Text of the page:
ASIC's scorecard

  • Date:01 Oct 2013
  • Type:Company Director Magazine
John Price outlines how ASIC will respond to the findings of a recent survey that measured perceptions of its performance.


The Australian Securities and Investments Commission (ASIC) recently released the findings of an independent survey that measured perceptions of the environment in which ASIC operates and ASIC’s performance. Company directors were one of the key groups that participated in the survey.

PERCEIVED STRENGTHS
The survey found that, overall, stakeholders were positive about ASIC’s performance, with most believing we are performing better, or the same as, two years ago. Particular strengths were:

  • ASIC’s market supervision.
  • ASIC’s work keeping markets free from insider trading and ensuring companies provide reliable and timely information to the market.
  • ASIC’s work in holding to account auditors, market operators and organisations providing financial products and services.
  • That ASIC acts professionally, promotes confidence in Australia’s financial system and understands the industries and markets it regulates.
  • That ASIC is easy to deal with.
  • That its enforcement actions are transparent.
  • ASIC’s effective monitoring of compliance in industry.
  • Its guidance to industry to help organisations to comply with the law.
  • That its registration and licensing are easy, efficient, timely and cost-effective, and the information is easy to understand.

We acknowledge the efforts of company directors in contributing to many of these strong results – for instance, in taking steps to help ensure our markets are seen as fair and efficient.

PERCEIVED LIMITATIONS
The survey also identified four areas where stakeholders perceived limitations. These were:

1. Acting quickly to investigate breaches of the law
While stakeholders viewed ASIC’s work in holding gatekeepers to account as a strength, some saw the speed of our investigations as a limitation. In response, we plan to:

  • Communicate more about the process involved in investigations, the complexity of some matters and the time investigations take.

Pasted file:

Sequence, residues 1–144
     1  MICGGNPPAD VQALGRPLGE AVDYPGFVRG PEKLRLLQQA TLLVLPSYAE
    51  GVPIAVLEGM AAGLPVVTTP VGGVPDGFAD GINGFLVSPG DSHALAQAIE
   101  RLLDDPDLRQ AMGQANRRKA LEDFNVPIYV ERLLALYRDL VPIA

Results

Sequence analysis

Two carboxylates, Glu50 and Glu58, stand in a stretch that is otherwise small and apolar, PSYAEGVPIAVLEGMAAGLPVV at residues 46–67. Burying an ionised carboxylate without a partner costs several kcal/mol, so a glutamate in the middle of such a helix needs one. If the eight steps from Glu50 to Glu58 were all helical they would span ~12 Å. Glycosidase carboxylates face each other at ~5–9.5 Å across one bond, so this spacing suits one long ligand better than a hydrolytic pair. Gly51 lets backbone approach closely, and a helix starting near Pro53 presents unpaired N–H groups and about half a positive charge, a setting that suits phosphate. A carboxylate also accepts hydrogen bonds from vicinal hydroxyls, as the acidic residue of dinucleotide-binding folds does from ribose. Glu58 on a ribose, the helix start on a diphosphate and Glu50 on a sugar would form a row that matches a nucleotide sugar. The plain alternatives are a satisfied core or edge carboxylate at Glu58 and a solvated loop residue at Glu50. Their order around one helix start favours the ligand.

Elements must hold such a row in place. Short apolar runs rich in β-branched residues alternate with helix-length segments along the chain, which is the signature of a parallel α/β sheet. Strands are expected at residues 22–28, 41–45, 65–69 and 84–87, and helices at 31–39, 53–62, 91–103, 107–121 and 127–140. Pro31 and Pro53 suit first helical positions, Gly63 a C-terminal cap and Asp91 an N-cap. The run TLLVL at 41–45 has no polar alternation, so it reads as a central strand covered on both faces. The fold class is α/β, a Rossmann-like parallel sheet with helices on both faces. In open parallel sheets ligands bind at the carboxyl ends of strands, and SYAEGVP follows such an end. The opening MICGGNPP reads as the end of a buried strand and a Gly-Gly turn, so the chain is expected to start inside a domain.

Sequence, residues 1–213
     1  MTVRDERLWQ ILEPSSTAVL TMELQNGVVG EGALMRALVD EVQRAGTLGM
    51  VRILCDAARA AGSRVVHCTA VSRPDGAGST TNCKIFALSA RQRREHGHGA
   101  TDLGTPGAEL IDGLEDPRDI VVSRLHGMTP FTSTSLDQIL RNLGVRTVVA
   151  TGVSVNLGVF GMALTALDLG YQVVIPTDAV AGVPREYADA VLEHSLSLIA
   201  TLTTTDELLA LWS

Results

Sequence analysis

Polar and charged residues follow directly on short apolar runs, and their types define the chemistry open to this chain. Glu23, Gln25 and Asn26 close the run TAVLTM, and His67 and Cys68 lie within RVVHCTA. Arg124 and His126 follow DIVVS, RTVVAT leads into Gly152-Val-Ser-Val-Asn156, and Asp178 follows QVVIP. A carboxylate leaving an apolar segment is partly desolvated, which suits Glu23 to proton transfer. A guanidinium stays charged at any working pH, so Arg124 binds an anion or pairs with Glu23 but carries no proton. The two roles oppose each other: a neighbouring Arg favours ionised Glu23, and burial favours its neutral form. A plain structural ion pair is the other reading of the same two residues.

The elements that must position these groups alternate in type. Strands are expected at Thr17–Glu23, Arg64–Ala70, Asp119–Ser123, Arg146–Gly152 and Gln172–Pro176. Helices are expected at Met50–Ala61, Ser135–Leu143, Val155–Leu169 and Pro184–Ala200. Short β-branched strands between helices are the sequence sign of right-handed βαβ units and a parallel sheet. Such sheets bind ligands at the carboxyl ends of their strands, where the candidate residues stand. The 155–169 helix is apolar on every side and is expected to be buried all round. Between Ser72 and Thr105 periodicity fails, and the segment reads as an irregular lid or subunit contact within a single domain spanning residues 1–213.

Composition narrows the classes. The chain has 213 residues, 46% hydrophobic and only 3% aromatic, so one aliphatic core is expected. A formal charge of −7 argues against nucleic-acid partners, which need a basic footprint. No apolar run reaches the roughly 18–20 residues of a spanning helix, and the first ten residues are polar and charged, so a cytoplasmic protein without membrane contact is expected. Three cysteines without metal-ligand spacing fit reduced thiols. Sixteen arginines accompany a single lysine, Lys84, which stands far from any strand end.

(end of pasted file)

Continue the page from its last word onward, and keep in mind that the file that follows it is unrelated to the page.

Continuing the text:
• Continue to narrow the focus of our cases early in any investigation.
  • Continue to raise with government law reforms concerning our investigation powers and need for more flexible enforcement tools.
  • Analyse recently completed matters to assess if our investigations took too
    long, and why.

2. Communicating what ASIC is doing
A significant challenge for a regulator like ASIC, with a range of stakeholders and responsibilities, is communicating effectively about what we are doing.

We use a number of tools, such as media releases (over 300 a year), broadcast interviews (over 100 a year), Twitter (nearly 10,000 followers), YouTube videos (200+), our website (over 1.5 million visitors a month) and our MoneySmart website (over 400,000 visitors a month) to get our messages out. We also respond to close to 4,000 media queries each year. The survey indicates we are performing well in our financial literacy work, but could do more to communicate what we do, and why we do it. In response we will:

  • Undertake a structured program of communication with external stakeholders about ASIC’s financial literacy work.
  • Continue to promote the MoneySmart website to investors and consumers and key industry and consumer groups.
  • Build our social media presence and use new communication channels.
  • Review the ASIC website to further improve its accessibility.

3. Reducing red tape
We are aware of the regulatory burden on business and have introduced measures to make things easier where we can. Recent initiatives include:

  • ASIC’s national Business Names Register, which started in May 2012 and has saved businesses $34 million in fees in the first year.
  • A booklet to help small businesses comply with their legal obligations, which was released in August.
  • Using our discretion to grant relief from legal requirements where appropriate.

We are committed to cutting red tape and there are more improvements in the pipeline. For example, we will:

  • Consider whether certain legal rules that sunset in the next four years under the Legislative Instruments Act 2003 are still necessary.
  • Harmonise the market integrity rule books for different financial markets.
  • Continue to engage industry around the use of technology.
  • Continue to help business by easing compliance with regulatory requirements or advising government to remove regulations with no clear purpose.

As always, ASIC welcomes any suggestions from the Australian Institute of Company Directors on practical measures it could consider and implement (without changing the law) to reduce red tape.

4. Being resourced to do our job
Our funding is a matter for the government, but we will continue to be transparent about how we use resources wherever possible.